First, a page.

The cultural identity of Silesia after World War II was a source of factors leading to both cohesion and destruction. They are deeply rooted in past events. The process of shaping cultural identification is continuous, lively and dynamic, and it is influenced by geopolitical, social and economic factors as well as those arising from personal, individual and collective attitudes.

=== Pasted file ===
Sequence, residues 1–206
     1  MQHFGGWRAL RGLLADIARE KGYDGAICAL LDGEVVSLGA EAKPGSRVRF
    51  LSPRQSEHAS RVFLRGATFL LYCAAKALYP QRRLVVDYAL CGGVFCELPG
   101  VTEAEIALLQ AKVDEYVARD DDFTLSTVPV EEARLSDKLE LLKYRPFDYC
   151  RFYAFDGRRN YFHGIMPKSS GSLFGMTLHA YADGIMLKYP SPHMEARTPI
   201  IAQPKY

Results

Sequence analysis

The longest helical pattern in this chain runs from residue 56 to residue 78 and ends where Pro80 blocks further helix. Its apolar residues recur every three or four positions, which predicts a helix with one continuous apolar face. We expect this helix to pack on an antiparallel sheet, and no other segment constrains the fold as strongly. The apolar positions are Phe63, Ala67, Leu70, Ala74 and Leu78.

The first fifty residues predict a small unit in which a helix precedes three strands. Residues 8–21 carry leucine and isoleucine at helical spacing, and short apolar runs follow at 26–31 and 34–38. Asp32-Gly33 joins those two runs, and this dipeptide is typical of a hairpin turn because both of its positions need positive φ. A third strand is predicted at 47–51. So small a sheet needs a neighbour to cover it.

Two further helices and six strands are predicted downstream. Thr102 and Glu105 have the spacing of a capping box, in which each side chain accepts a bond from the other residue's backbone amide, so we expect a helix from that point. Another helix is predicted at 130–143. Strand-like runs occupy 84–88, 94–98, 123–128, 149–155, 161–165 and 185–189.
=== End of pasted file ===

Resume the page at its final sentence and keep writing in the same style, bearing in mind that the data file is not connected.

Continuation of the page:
The year 1945 was significant for all parts of Silesia, marking a new stage in the process of shaping cultural and regional identity. Upper Silesia, Lower Silesia and Opole Silesia had to face various complex problems. In Lower Silesia, due to the displacement of the native German population dominating here, identity creation began almost from scratch. In the case of Opole Silesia, it was necessary to rely on Polish tradition, newly acquired by this region. In turn, this tradition has always existed in multi-ethnic and multicultural Upper Silesia. The complex situation here resulted in the creation of limited aspirations to create the “Silesian nation”, which must be seen as a response to the decades of the existence of the Polish People’s Republic, when regional, ethnic and national specificity was questioned.